The Secret Life of Plants

David R. Hershey dh321 at PGSTUMAIL.PG.CC.MD.US
Tue Jan 23 23:53:52 EST 1996

I was not aware there was a video but the experiment you describe is
detailed in the #1 bestselling book of that title by Peter Tompkins and
Christopher Bird. It also contains a lot of other botanical pseudoscience
as does its less successful sequel, Secrets of the Soil. The supposed
beneficial effect of some types of music on plant growth even inspired
Stevie Wonder to release an album of music to grow plants by! Art Galston
wrote a rebuttal to the Secret Life of Plants book titled "The
unscientific method" (1974. Natural History 83(3):18,21,24). 

Most of that type of botanical pseudoscientific research was later tried
by actual plant scientists, who could not confirm the results. I do not
believe a lot of it was published because it represented negative results
that would not look too good on the resume of a legitimate scientist. A
1990 Cell article 60:357-364 reported no effect of music on mRNA changes
that could be induced by touching the plant, Arabidopsis. 

Pseudoscience is a good topic to add interest to botany classes. A 
close-to-pseudoscience theory is hydrotropism, which most college 
textbooks say does not exist but precollege biology books say is valid. 
See Hershey, D.R. 1992. Is hydrotropism all wet? Science Activities 

David R. Hershey
Snail mail: 6700 Belcrest Road #112, Hyattsville, MD 20782-1398

Adjunct Professor, Biology/Horticulture Department
Prince George's Community College, Largo, MD 20772-2199

Email: dh321 at

On 23 Jan 1996 taylorwa at wrote:

> Here is a hot one for you'ns (that is a contraction for 2nd person plural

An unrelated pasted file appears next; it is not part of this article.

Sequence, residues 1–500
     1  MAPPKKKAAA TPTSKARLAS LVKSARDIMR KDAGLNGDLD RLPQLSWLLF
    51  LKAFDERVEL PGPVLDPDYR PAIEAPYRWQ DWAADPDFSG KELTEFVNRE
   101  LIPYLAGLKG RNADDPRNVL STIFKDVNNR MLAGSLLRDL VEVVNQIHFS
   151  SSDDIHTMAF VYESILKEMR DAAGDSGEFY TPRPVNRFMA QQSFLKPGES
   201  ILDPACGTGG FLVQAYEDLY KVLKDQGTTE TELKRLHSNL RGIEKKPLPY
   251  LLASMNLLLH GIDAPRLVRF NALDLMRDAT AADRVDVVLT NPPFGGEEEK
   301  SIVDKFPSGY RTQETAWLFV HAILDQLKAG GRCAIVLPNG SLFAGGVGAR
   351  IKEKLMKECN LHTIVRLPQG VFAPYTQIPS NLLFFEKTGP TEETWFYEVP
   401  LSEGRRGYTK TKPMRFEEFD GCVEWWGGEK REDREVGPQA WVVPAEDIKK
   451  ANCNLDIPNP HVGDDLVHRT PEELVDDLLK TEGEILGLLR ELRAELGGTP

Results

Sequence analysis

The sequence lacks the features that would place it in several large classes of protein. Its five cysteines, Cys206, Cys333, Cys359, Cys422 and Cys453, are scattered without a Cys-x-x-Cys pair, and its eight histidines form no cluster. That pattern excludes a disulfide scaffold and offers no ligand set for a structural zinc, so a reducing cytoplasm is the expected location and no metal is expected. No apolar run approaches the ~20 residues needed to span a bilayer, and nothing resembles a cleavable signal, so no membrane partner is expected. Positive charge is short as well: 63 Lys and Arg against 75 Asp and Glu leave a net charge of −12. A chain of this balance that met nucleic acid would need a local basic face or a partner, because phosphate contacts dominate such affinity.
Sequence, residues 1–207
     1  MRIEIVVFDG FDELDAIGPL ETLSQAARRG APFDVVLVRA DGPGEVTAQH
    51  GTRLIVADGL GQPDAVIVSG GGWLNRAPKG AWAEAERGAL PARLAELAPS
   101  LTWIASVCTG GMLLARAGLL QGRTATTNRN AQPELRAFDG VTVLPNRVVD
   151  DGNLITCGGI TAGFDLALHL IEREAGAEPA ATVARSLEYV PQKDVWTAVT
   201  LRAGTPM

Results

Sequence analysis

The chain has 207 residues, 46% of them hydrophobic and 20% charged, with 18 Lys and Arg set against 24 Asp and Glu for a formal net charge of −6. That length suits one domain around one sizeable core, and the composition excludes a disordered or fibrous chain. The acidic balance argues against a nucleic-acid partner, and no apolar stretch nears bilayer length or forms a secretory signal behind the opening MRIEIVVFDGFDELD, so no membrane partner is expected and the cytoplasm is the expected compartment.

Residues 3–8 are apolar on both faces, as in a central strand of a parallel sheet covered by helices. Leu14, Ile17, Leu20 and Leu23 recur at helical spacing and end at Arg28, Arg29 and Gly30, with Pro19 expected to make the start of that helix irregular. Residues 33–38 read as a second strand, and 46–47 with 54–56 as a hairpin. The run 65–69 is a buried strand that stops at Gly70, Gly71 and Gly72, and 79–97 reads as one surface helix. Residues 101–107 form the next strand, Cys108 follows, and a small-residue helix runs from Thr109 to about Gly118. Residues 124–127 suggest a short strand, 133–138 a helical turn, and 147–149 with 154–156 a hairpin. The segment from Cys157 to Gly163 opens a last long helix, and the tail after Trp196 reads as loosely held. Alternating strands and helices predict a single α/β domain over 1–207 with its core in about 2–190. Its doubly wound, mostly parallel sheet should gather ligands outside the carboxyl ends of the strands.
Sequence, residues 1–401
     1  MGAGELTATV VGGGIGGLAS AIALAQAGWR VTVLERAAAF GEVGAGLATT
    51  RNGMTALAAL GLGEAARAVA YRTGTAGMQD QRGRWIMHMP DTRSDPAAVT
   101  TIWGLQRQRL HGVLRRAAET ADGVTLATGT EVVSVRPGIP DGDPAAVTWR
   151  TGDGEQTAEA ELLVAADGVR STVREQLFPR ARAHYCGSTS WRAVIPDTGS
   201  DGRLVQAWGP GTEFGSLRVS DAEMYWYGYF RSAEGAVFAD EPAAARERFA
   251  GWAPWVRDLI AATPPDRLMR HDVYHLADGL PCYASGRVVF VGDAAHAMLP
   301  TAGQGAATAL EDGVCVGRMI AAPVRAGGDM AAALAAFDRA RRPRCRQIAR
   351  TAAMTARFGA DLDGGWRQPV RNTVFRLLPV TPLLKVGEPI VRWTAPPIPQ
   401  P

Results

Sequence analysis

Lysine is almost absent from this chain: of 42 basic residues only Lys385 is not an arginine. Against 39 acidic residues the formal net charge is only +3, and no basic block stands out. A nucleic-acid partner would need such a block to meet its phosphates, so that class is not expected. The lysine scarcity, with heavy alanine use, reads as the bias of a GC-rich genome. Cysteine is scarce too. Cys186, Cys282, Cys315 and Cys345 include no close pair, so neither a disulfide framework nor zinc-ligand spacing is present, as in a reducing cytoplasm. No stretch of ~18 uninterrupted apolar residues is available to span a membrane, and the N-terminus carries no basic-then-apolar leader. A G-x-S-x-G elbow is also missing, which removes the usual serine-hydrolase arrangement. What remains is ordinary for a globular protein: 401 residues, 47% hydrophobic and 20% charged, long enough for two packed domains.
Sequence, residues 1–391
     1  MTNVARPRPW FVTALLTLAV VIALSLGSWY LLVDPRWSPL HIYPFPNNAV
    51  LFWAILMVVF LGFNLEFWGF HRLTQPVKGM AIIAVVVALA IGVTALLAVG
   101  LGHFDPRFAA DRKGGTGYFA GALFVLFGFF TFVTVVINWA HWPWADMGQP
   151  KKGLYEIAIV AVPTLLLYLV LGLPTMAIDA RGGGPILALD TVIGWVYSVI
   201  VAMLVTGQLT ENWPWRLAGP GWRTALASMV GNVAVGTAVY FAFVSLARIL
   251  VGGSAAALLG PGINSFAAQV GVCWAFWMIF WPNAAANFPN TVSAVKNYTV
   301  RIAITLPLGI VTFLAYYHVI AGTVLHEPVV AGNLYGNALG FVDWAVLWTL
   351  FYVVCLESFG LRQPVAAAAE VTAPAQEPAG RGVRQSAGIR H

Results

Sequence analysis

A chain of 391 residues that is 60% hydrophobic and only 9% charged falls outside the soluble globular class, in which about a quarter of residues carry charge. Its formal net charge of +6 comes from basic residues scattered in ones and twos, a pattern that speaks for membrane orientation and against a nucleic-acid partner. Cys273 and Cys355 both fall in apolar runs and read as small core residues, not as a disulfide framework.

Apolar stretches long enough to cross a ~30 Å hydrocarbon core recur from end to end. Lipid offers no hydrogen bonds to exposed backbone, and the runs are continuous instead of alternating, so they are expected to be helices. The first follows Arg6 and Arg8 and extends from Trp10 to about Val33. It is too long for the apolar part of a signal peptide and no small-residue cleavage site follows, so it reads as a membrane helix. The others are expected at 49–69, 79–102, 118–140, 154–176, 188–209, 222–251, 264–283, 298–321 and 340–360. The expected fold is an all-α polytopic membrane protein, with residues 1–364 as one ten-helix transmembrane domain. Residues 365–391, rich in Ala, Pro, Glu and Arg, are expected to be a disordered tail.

> like y'all, but is endemic to Western Pennsylvania, from which I hail -
> there is your provincial idiom lesson for the day). I have never seen The
> Secret Life of Plants, but have heard enough about it.  That is the film
> that purportedly demonstrates the "emotional" responses of plants.  A
> "scientist" in a white coat enters a room containing two plants and
> violently chops one to pieces with a knife.  The other plant (the "witness")
> then responds (via deflecting needles when attached to a lie detector or
> some such instrument) to the next entry of a white coated assassin.
> Does anyone know anything about 1) where I might get a copy of this, 2) is
> there any validity to the claims, 3) was it ever replicated (I had heard
> not) . . .?
> It might make a good case study in a botany class involving controls,
> alternative hypotheses, the experimental approach, how science works, etc.
> Wil Taylor
> ********************************************************************************
> Wilson A. Taylor
> Department of Biology
> University of Wisconsin-Eau Claire
> Eau Claire, WI  54701
> taylorwa at
> ********************************************************************************

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